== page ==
Just in time for Pride Month, and just in time for celebrating the original Green Lantern's 80th Anniversary, we look at Alan Scott's original origin story in All-American Comics #16, as well as the updated version of that story featured in this week's Green Lantern 80th Anniversary Special #1 by James Tynion IV and Gary Frank!
In case this needs saying, spoilers ahead for both All-American Comics #16 and Green Lantern 80th Anniversary Special #1!
In All-American Comics #16 first published on 03 July 1940, Alan Scott makes his debut as the Green Lantern! In the story 'The Origin of the Green Lantern' by Bill Finger and Martin Nodell, Alan's bid to build a new bridge in the American west is chosen by the US government. On the day that Alan tests the bridge to ensure its safety, an explosion occurs, and the train carrying both Alan, his companion Jimmy, and a few other men crash into the desert ground below.
Out of all the passengers, Alan is the sole survivor, seemingly saved by the mysterious green lantern he held onto as the train crashed. A mysterious light then begins to emanate from the lantern, and Alan passes out. While unconscious, the seemingly sentient lantern begins to tell Alan its origins, and about the three prophecies it must fulfil before a new wielder of the green flame could be chosen: death, life, and power.
Centuries later, the ancient Chinese lamp finds its way into a bin in America, which is then recovered by some guards at a mental institution and given to one of the inmates, an old man known only as 'Billings.' Taking a liking to the Chinese lamp, Billings restructures it into a train lantern, and is then promptly cured of his mental illness, fulfilling the second prophecy of life.
The lantern at some point finds its way into Alan Scott's hands, choosing him as his champion to battle evil. The lantern then bestows upon Alan the powers of the green flame, fulfilling the third prophecy of power. Realising he needs to seek justice for his murdered colleagues, Alan uses the power of the green flame to capture Dekker (his rival who sabotaged his bridge) and force him to confess his crime to the police. Shortly after Dekker signs his confession, he dies of shock. Alan then sees this as his calling to continue fighting injustice as the costumed vigilante known as the Green Lantern.
In the story 'Dark Things Cannot Stand the Light' featured in Green Lantern 80th Anniversary Special #1 by James Tynion IV and Gary Frank, we see a follow-up to Alan's classic origin story that focuses on the other passenger Alan was with the day the train crashed: the deceased man known as Jimmy. Tynion and Frank elaborate on Alan's relationship with Jimmy, implying that the two men were lovers. This seemingly confirms that Alan Scott will be a closeted gay man in the main DC continuity, or at least bisexual since he still marries Rose Canton (the mother of his two children Jennifer-Lynn Hayden and Todd Rice), and will possibly still marry Molly Mayne later on in his timeline.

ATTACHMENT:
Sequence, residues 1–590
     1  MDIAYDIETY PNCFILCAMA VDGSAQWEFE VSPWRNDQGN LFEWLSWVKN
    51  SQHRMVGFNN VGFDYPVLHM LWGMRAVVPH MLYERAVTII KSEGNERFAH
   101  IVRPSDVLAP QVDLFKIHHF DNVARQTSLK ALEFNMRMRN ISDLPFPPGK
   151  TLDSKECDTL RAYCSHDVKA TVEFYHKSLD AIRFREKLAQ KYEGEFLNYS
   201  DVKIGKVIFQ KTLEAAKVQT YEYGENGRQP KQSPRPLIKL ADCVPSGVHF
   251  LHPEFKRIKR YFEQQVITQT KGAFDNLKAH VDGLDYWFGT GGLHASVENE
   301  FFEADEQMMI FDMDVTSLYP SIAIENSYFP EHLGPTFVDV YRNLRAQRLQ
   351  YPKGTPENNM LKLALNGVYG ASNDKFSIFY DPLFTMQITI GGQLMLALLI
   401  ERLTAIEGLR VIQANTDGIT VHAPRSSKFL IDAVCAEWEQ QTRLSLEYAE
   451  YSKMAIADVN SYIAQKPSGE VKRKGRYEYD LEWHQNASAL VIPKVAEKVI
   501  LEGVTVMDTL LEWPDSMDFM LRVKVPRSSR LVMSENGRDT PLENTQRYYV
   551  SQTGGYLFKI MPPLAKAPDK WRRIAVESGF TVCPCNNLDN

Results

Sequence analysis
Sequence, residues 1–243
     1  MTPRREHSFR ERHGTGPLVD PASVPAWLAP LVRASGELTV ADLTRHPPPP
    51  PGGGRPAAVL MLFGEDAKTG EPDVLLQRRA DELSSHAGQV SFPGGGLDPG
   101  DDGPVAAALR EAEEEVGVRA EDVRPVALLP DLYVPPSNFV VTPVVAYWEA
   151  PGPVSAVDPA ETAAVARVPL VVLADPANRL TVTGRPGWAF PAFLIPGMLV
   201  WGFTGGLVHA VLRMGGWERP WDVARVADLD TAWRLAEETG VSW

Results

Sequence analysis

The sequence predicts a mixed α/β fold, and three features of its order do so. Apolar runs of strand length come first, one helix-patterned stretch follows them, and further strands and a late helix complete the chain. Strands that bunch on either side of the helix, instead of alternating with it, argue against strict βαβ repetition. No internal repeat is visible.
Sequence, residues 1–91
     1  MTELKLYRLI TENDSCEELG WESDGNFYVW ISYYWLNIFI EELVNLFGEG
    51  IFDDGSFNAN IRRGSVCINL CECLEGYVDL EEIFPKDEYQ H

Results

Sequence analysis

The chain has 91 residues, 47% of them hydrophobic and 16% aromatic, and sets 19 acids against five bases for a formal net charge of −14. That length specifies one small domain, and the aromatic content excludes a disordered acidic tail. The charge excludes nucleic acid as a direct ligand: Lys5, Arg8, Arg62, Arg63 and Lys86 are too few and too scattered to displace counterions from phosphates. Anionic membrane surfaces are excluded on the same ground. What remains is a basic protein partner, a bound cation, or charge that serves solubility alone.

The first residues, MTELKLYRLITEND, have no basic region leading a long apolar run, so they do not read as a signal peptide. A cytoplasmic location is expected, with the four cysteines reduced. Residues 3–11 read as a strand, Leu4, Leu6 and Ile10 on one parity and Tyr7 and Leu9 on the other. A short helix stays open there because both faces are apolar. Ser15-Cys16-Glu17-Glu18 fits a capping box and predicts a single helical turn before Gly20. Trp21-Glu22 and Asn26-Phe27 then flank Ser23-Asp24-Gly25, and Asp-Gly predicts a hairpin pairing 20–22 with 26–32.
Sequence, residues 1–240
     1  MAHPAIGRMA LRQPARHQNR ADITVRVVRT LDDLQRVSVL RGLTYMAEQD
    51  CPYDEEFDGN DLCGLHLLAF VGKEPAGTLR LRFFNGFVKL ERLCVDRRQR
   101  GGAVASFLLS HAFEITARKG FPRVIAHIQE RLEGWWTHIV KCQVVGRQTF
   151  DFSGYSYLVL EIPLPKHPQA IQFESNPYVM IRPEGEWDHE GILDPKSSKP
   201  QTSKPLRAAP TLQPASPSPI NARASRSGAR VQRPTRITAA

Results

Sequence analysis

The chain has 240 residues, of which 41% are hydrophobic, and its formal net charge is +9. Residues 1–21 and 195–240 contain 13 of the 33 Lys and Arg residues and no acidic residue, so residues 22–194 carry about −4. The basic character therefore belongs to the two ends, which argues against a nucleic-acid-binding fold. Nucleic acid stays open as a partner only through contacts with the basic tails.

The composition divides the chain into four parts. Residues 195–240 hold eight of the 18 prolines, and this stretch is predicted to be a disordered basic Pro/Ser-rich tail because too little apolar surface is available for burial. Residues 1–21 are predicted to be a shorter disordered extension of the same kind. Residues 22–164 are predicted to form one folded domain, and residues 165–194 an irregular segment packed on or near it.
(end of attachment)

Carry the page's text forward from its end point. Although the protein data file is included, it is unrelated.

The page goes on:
In the original story from All-American Comics #16, Alan was seen carrying the lifeless body of Jimmy, and in Tynion and Frank's story, Alan meet's Jimmy's mother for the first time, the latter implying she's always known that her son was gay. It is also implied in Tynion and Frank's story that Alan got the green lantern from Jimmy himself, who has always been aware of the lantern's mysterious energy. This seems to be giving a new meaning to a panel in the original All-American Comics #16 story where Alan described the lantern's green light as a 'queer light.' The green lantern then ends up becoming a metaphor (perhaps even a symbol) for queer identity in a world plunged in constant darkness in the story by Tynion and Frank.
Even the title of Tynion and Frank's story is an homage to Alan's original oath in All-American Comics #16 where Alan stated 'I shall shed my light over dark evil...for the dark things cannot stand the light...the light of the Green Lantern!' In this case, Alan's oath seems to take on a new meaning as well, especially as a queer man about to go out into the world to fight injustice in a decade where it is violently enforced upon marginalised communities before, during, and after World War II. This is especially is encapsulated by the death of Jimmy, who even ends up being an homage to Alan's New 52 boyfriend, Sam Zhao, who also fulfilled the 'bury your gays trope' as a way of motivating Alan into becoming the Green Lantern.
Whatever is in store for Alan Scott in the post-Death Metal DC Universe, I do hope that he gets a miniseries that better fleshes out his new history, and further explores his experiences as a queer man in the early 20th century. This story by Tynion and Frank, while good, should not be the only time we see this aspect of Alan's character explored, and it shouldn't be the only time we get a Doiby Dickles appearance! (No, I was not about to forget to mention Doiby's cameo in this story!)
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